With any new diet or eating plan, you’ll want to check with your doctor before you begin. This is particularly true for diabetics and people living with chronic illnesses who after receiving the go-ahead for the diet, will also want to carefully follow the eating plan under the supervision of their physician.
People often start the diet with a 1- to 2-day water-only fast. If you want to know if you are in ketosis, you can test your blood with a blood ketone meter (similar to a glucose monitor, that uses a drop of blood) or urine (utilizing urine strips). If you are going to embark on a serious keto diet and want to be sure you’re doing right, you’ll want to invest in these testing kits. (They can be purchased on Amazon.)
Ketosis is typically considered to be a reading of 0.5 mm/L ketones (mainly the 3HB) in blood.
The next step after fasting is to reduce carbs dramatically (usually under 20 grams a day). What’s 20 grams? You can eat a portion of fruits or several portions of non-starchy vegetables before getting to 20 carbs. But a piece of bread or large potato will get you there in just one serving. That’s why you might see a keto follower indulging in bacon, but not pasta, bread, rice, or potatoes.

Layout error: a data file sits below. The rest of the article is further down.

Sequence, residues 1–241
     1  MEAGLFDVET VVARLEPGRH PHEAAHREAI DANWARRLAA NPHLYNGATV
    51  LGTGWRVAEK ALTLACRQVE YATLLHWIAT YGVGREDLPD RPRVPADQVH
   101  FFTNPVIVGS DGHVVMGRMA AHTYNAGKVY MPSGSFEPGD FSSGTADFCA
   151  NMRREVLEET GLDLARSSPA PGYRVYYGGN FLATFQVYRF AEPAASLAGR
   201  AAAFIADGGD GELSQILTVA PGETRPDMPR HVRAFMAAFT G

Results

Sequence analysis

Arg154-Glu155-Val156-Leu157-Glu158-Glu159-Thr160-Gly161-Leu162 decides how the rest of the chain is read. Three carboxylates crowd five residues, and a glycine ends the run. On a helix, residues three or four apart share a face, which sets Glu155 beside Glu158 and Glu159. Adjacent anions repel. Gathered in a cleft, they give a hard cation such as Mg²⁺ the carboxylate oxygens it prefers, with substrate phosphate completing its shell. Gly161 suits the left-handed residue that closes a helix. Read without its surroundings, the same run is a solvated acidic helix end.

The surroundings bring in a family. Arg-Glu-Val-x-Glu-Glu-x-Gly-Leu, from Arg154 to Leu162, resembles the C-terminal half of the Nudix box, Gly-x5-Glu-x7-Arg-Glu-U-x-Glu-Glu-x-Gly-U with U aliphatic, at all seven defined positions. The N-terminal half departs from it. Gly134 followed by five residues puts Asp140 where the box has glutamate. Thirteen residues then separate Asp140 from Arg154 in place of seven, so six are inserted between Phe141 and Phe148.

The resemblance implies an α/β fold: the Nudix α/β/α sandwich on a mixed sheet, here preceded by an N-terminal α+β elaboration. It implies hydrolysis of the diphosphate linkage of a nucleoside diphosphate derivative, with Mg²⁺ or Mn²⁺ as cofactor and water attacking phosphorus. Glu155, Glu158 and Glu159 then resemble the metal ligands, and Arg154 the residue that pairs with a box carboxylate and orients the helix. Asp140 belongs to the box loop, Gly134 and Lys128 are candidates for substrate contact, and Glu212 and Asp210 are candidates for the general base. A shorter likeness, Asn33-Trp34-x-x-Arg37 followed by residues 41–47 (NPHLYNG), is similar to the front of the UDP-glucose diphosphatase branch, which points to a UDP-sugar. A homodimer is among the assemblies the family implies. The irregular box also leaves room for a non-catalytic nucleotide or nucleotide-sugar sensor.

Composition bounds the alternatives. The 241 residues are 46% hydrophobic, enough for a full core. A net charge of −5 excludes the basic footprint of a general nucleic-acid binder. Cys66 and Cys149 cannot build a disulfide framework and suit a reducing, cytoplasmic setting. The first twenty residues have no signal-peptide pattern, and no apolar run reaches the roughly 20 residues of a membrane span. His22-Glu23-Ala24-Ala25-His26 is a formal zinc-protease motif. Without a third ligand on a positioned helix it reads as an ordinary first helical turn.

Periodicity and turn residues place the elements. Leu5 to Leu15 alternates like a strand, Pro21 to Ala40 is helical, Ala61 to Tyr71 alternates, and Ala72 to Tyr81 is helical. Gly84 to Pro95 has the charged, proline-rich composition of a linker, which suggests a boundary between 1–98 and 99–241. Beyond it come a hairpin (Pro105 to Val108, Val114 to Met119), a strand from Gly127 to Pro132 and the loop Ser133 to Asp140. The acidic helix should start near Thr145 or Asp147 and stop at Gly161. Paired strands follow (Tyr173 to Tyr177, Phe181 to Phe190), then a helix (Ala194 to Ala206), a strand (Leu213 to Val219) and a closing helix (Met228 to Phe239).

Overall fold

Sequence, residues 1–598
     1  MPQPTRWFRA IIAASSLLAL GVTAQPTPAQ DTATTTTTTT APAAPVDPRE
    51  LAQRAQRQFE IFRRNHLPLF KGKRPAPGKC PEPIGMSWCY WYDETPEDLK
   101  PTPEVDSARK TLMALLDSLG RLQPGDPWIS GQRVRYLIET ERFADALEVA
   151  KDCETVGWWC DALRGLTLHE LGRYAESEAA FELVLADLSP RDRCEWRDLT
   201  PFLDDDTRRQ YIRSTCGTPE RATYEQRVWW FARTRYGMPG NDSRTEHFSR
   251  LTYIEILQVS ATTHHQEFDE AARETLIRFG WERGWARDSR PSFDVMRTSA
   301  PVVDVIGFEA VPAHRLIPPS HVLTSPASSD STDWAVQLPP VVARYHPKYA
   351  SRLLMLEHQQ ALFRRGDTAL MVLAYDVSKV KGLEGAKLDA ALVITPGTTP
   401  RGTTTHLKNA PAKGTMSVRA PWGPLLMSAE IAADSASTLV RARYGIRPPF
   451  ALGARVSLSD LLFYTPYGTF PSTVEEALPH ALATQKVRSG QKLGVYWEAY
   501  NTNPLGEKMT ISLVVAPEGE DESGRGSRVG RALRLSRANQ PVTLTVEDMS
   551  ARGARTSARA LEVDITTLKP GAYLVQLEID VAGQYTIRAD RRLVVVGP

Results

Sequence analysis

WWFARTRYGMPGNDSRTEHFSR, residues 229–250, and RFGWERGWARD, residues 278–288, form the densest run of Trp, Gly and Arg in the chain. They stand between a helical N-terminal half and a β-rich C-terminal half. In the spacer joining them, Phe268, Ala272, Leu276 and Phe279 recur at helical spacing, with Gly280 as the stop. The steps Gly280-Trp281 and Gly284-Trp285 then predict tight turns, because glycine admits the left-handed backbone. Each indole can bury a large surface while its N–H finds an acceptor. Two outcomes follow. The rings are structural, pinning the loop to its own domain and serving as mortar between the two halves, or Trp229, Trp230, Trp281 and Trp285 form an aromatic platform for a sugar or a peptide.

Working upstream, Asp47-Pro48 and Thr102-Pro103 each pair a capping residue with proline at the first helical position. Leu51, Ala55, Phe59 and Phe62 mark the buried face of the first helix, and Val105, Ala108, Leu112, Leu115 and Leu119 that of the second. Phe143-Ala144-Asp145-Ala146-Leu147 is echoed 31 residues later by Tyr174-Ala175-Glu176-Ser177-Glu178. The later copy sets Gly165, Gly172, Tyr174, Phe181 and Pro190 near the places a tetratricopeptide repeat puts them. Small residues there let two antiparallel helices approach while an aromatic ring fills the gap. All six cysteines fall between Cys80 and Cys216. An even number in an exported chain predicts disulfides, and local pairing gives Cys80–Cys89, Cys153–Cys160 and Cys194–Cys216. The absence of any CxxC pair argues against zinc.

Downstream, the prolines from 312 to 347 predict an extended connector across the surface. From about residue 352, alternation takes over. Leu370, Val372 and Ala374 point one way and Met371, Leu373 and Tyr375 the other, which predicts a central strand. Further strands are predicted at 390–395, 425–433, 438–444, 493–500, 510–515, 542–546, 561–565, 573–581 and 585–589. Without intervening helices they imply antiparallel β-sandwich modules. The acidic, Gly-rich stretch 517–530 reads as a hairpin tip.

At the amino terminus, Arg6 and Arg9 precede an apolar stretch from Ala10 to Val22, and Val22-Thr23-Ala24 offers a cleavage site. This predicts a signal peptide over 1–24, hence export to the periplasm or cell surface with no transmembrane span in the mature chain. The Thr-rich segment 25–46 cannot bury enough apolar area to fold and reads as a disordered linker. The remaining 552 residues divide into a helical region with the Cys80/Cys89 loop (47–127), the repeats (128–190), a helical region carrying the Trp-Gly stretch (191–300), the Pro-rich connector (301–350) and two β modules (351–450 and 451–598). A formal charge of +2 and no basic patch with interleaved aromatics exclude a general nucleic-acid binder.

Benefits of Keto: More Than Just Weight Loss
We’ve all seen the dramatic weight-loss pics, and keto is being used to shed pounds. But slimming down isn’t the only benefit. Here are some of the other benefits of keto:
• Helps control epilepsy. (This is how keto got its start in modern medicine.)
• Offers neuroprotection, possibly protecting the brain against Alzheimer’s and Parkinson’s. In animal studies, the keto diet stimulates an increase in glutathione, alpha-lipoic, and CoA production in the brain cells in the hippocampus, the part of the brain responsible for memories. It is thought that this is how the keto diet protects the brain and aids in patients living with these diseases.(1)
• Increases energy and alertness levels, as brain cells use ketones for fuel.
• Lowers total cholesterol levels, increases “good cholesterol” HDL, and lowers “bad cholesterol” LDL.(4)
• Improves blood sugar levels. This is important for all of us, but especially for Type 2 diabetics, who may expeirience lower levels of fasting blood sugar and hemoglobin A1C.
• Detoxifies your system. Losing fat means also losing the fat-soluble toxins that have accumulated over the years. (That means you will start to shed heavy metals like mercury, leadmium, aluminum, arsenic, and nickel, as well as organotoxins like pesticides, plastic-associated molecules, like BPA, and others that are typically stored in fat.)